This blog chronicles my travels as a 2016-2017 Thomas J. Watson Fellow exploring cultural attitudes towards health technology around the world. Starting from and returning to New York City, USA, I am traveling to Sweden, Qatar, India, Singapore, Japan, and Botswana over the course of one year.
A friend of mine in Japan told me about the Tokyo Jissha, the ten shrines of Tokyo, a couple weeks before I left. In 1868, at the time of the Meiji Restoration when Tokyo became Japan’s capital, Emperor Meiji chose ten Shinto shrines scattered throughout the city to be the sanctuaries for the new capital. Every shrine and temple has a unique stamp (goshuin) that can be written in a special stamp book (a goshuin-cho), and my friend had decided collect the stamps of the Tokyo Jissha in her goshuin-cho. I decided to get a book of my own, and traveling to these 10 shrines during my last days in Japan to collect goshuin felt like a pilgrimage to say goodbye.
Just because I keep leaving doesn’t mean that it gets easier to let go. I left Japan a few days ago and I’m still wrapping it up, cleaning it away. I feel like I have to do this spring cleaning every time I leave – change my number, close the tabs of “medtech companies in Japan,” tell my friends I arrived safely, and then drift out of regular contact with them. Is it easier to leave, or to stay? I’ve become someone who leaves and I don’t know how I feel about that.
The thing is, as much as I live in these places and learn to love them and get to know their people, I don’t really belong. I’ve become increasingly aware of the fact that no matter how long I spend abroad, I won’t become Indian or Japanese or Singaporean. I need to take all that I’ve done this year and bring it back with me to places I do belong. I want to know what my project would be like in the US – what impact I could have on medical technology there, where I can invest the time.
But I’ve gotten used to leaving everything behind every few months, and I wonder how that will manifest when I’m back home and trying to build something more permanent. Perhaps I’ll find that it’s easier to keep seeing new things, rather than to try finding new aspects of old things.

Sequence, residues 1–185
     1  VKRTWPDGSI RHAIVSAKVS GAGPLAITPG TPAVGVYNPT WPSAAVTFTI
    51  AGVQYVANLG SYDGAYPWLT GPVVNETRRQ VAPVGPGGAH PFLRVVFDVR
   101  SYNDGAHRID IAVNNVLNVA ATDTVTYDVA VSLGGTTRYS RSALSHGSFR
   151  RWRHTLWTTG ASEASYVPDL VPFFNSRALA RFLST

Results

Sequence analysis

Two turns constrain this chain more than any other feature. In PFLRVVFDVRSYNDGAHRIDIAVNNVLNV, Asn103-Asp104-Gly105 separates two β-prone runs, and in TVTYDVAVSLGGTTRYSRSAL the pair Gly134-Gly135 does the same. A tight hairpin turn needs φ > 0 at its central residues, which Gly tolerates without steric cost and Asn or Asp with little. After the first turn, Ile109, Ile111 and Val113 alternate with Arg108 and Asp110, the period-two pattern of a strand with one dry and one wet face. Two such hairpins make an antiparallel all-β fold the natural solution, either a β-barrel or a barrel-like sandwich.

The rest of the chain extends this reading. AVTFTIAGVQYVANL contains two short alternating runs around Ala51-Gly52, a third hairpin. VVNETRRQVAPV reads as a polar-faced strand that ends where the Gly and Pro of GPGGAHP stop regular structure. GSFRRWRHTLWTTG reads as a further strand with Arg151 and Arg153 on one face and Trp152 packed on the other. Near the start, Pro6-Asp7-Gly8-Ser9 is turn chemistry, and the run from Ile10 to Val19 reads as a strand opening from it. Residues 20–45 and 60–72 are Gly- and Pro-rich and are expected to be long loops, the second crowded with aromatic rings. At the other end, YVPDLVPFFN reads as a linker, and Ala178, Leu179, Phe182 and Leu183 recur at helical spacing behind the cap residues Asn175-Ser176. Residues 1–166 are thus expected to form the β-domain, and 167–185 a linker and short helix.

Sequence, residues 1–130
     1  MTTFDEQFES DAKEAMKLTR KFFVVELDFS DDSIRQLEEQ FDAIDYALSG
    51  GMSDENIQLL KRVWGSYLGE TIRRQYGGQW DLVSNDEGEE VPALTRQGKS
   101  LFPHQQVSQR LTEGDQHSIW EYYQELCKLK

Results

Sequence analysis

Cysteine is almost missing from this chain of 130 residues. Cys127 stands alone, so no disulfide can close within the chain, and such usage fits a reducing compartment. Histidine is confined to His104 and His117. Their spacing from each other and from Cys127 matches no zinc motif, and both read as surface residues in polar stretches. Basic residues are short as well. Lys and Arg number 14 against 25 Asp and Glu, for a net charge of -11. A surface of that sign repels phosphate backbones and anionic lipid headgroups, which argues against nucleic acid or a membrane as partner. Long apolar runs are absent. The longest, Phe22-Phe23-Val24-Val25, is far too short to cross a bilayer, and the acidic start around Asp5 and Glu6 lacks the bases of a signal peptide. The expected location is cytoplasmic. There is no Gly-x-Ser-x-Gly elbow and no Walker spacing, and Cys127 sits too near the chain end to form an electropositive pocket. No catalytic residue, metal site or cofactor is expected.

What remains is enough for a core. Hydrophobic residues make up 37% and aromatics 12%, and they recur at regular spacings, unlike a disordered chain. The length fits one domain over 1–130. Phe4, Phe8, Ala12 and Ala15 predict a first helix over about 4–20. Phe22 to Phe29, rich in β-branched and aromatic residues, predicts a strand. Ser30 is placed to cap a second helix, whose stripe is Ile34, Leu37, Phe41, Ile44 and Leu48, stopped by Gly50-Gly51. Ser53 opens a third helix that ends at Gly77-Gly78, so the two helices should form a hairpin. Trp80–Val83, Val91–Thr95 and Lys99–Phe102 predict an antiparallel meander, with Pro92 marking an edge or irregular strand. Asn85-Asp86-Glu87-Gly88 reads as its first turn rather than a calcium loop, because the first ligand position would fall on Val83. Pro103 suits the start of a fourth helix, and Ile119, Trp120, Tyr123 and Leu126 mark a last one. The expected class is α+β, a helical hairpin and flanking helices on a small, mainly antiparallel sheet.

I was worried that my fleeting presence in various places this year would make people feel distant, but it hasn’t. Especially in Japan, where I was worried about the formality of the polite language, I learned that so much warmth can be imbued between the words of formal speech. It’s still hard to know, without speaking the language, if you’re doing things right or just the recipient of excessive politeness, but I’ve gotten closer to people than I expected to.
Still, I’m getting tired of saying goodbye. I’ve arrived in Botswana now – my last project country – and that feels right. I’m used to leaving places, but I don’t want to be; it’s actually comforting to know that this cycle of coming and going, goodbyes every few months, is ending soon. I’m excited to spend two months here and explore one more new place. Also, on a lighter note, it’s lovely to be in a country with fluent English speakers!
I spent last weekend in Fukuoka, a small city in the southwest of Japan. While I was there, I did a big day trip to Hiroshima and Miyajima, two relatively nearby destinations via the shinkansen bullet train. I didn’t think I would be able to go to Hiroshima while in Japan, but as the end of my time here got closer, the more ridiculous it seemed that I would miss it – I think its importance demands making the effort to go there. As I planned the day, reading online about day trips to Hiroshima, I decided it would be possible to spend the morning in the city and then take a ferry in the afternoon to the nearby island of Miyajima – the site of the Itsukushima shrine and famous floating torii. It was a packed day, but I am so glad I did it.